There’re 20 guys out on a single peak.

If you paddle out, you’ll go from getting no waves (if you don’t) to getting some, so dramatically increase your own wave count from zero.

Meanwhile, each individual in the line-up would get approximately a 20th fewer waves if everyone was sharing in turns (sharing in turns?!?); instead of getting one in every 20 waves, they’d get one in every 21.

This is a relatively minor consequence diffused among the existing surfers, and not easily directly attributed to the newcomer.

This sizey imbalance in the benefits/costs analysis promotes paddling out every single time, along with one other important thing.

Because you can.

Garrett Hardin’s famous 1968 paper, The Tragedy of the Commons* on the planet’s limited, shared resources (the commons) and their abuse by swelling populations (the tragedy) has been applied to various things down the years from world fisheries stocks to the welfare state.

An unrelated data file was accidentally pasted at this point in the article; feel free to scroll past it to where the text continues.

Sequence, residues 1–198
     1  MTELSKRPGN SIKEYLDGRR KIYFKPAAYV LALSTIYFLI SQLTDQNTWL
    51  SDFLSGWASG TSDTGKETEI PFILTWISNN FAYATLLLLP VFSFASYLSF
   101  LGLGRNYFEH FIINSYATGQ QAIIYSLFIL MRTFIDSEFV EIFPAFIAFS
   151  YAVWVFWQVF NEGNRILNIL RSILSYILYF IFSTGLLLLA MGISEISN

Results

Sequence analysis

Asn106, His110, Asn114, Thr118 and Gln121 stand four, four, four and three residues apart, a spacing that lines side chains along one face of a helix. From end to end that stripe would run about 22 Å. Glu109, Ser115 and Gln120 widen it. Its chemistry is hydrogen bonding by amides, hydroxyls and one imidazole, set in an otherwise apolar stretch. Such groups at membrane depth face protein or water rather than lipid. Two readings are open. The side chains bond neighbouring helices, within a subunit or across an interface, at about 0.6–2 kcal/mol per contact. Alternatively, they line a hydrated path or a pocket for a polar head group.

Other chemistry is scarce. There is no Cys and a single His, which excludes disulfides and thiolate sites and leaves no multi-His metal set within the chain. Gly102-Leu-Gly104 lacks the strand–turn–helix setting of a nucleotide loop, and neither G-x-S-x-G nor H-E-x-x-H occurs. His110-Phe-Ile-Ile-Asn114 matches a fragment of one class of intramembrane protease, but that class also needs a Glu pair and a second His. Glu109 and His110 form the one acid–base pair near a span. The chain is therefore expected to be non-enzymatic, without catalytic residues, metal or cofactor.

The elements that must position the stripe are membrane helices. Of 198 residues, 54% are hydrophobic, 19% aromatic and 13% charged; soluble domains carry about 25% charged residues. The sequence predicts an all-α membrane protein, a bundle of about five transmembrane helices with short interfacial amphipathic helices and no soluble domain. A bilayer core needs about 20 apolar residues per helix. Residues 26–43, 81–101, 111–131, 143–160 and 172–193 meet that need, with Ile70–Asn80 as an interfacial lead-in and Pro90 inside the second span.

The conclusion of his paper is that there is no technical solution to the population problem; instead it required rather changes in ethics or morality, as in what’s cool and what ain’t.

And while you mightn’t get many surfers to extrapolate the argument as Hardin did to indicate that certain sectors of the population should be discouraged from multiplying, if you look at some of his key arguments, some of them aren’t a million miles away from forces we see manifest themselves in our line-ups all the time, from midsummer main break free-for-alls to tire-slash secret spots in the woods to double gnarly localised island slabs and everything between, as the multiplying masses continue to join mankind’s migration back to the endless sea.


*The Tragedy of the Commons by Garrett Hardin was published in Science in 1968. Hardin was a controversial Professor of Human Ecology at University of California, Santa Barbara who focused repeatedly on the issue of human overpopulation. A member of the Hemlock Society believing in the right of individuals to take their own lives, he committed suicide in 2003.


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